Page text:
Reserve medical Soldiers embed with active-duty counterparts for Overseas Deployment Training
July 29, 2014
GRAFENWOEHR, Germany (July 29, 2014) -- As the C-130 flew overhead, streams of parachutes attached to static lines drop from the aircraft side doors as paratroopers from the 173rd Airborne Brigade, jumped to earth. One by one, they landed randomly across the field.
Walking from one paratrooper to the next at the 7th Army Joint Multinational Training Command Bunker Drop Zone in Grafenwoehr Training Area, Germany, Spc. Estar Hegel, a medic with the 6250th Army Hospital, and Port Orchard, Washington native, asked Soldiers if they were OK after their jump.
Known as BDZ, this training area is one of the only drop zones in Europe where both personnel and heavy equipment can drop for airborne operations. For medics on foot, there is a lot of space to cover.
Without stopping, Hegel moved from one paratrooper to the next, observing movements for signs of injuries and asking for verbal acknowledgement.
Although you'd never know from the serious look on her face, she was thrilled to be there.
"I never thought I'd get to do something like this," she said as she walked the vast open space. "It's definitely an impressive experience."
Each year, most U.S. Army Reserve Soldiers get the opportunity to train outside of their home stations at locations such as Fort Hunter-Liggett, California, or Fort McCoy, Wisconsin, as part of their annual deployment training. Others are chosen to participate in training opportunities that take them even further from home.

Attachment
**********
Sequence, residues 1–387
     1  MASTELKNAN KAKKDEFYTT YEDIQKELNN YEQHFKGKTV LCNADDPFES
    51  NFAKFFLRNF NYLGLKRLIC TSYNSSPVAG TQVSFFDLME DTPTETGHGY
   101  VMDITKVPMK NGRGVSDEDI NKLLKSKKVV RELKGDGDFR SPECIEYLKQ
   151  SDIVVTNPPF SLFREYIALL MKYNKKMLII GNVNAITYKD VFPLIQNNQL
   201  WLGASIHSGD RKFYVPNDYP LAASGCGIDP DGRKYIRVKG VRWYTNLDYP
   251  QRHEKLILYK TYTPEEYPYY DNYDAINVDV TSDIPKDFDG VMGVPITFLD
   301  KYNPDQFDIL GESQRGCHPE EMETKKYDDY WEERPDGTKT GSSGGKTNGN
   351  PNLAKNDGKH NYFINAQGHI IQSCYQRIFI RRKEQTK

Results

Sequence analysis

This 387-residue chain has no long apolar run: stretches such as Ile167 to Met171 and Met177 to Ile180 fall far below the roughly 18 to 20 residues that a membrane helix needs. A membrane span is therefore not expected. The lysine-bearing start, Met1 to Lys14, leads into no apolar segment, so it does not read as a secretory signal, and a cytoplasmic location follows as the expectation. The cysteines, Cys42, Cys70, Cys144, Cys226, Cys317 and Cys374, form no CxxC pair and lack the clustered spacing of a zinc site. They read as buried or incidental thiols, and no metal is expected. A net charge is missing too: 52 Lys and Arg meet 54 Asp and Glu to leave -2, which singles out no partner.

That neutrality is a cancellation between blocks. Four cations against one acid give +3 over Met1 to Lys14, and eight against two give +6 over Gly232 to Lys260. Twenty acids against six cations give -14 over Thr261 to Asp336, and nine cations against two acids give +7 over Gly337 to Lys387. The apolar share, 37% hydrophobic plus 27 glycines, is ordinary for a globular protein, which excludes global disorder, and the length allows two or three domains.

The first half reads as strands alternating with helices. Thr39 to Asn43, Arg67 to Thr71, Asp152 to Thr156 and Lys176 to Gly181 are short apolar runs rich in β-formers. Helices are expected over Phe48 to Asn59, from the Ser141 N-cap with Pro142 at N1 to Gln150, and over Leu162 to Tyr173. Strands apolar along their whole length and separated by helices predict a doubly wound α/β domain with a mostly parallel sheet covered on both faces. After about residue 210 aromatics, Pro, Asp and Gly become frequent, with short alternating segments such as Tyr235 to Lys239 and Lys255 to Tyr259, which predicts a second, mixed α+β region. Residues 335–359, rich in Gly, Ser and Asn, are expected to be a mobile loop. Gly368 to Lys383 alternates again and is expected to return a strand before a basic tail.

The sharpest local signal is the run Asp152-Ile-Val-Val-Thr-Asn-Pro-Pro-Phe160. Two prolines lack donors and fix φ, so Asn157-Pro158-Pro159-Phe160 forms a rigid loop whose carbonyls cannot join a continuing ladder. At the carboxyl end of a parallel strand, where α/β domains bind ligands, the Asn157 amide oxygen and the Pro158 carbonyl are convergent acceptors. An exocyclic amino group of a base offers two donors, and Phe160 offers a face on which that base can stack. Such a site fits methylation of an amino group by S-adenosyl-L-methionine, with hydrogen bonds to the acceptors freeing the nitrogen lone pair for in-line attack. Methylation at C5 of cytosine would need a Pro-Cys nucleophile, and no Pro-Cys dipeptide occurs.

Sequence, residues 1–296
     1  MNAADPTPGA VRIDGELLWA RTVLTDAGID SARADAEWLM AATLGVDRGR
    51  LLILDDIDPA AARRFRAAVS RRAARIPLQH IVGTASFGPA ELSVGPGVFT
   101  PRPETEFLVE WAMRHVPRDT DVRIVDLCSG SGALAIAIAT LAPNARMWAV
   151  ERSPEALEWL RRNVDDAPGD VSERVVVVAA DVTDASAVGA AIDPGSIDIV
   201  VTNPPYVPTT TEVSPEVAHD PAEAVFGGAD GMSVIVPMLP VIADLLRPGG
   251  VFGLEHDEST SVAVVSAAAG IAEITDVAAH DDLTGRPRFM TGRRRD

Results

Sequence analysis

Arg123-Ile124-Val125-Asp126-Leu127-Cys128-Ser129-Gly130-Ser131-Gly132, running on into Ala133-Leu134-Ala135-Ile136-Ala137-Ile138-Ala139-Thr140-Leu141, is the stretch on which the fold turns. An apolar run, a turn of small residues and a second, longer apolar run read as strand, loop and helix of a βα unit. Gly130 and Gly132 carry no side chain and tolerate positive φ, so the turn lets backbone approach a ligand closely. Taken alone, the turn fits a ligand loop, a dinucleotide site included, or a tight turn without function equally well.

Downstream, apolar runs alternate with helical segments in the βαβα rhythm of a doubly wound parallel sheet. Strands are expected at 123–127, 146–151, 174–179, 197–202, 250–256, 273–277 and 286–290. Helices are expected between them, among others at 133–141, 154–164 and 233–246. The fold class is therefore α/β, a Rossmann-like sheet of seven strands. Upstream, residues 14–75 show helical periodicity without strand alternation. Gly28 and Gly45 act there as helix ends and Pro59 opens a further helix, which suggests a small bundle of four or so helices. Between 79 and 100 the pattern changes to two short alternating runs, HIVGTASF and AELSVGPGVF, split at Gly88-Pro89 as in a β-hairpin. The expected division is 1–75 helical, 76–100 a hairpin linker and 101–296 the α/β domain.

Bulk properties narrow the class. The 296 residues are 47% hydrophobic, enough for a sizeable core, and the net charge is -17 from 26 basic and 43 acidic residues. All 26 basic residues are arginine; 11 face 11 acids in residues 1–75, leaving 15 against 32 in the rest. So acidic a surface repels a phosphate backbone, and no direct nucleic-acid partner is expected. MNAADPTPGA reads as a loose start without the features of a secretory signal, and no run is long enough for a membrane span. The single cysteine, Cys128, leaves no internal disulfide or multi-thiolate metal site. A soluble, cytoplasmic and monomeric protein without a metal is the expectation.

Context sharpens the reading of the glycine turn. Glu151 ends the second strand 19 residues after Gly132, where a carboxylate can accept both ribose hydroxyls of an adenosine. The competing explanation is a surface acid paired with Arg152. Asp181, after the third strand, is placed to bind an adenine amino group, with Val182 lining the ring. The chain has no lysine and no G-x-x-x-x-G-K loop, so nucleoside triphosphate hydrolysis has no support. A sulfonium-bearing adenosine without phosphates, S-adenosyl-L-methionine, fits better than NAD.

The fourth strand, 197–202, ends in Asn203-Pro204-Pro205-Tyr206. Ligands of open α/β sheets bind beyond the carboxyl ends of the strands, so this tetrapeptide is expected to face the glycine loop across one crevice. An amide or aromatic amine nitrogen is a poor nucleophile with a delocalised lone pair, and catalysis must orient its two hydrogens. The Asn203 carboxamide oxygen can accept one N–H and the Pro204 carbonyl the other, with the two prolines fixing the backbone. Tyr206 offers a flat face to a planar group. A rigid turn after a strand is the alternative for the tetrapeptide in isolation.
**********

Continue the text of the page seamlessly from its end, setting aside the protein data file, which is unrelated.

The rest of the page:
A program known as the Overseas Deployment Training, along with Operation Atlantic Resolve, brought many Reservists to Europe to train for three-weeks or more with active-duty units, running a variety of training missions.
One unit out of Joint Base Lewis-McChord, Washington, the 6250th Army Hospital, brought five Soldiers with varying medical military occupational specialties to the Grafenwoehr Army Health Clinic, for their three-week training assignment.
Along with working in the clinic, the medical Soldiers spent the day with active-duty medics on a drop zone, July 23.
Not only did the medical team learn how to patrol a drop zone, they were given instructions how to prepare a field litter ambulance back at the Headquarters and Headquarters Battery, 4th Battalion, 319th Airborne Field Regiment, 173rd Airborne Brigade motor pool. Active-duty medic Sgt. Tyler Sheeks gave the Reservists an orientation of the field litter ambulance, safety procedures as well as how to use the radio in case someone had to be medically evacuated off the drop zone.
Both National Guard and Reserve Soldiers perform Overseas Deployment Training here, and hone their medical skills, while building relationships with their active-duty counterparts.
"It was nice having them with us," said Sheeks.
The Soldiers are here to train, however they add value bringing their citizen-Soldier skills to the offices they support. Performing missions that support training as well as assisting Soldiers is an added value to the ODT program.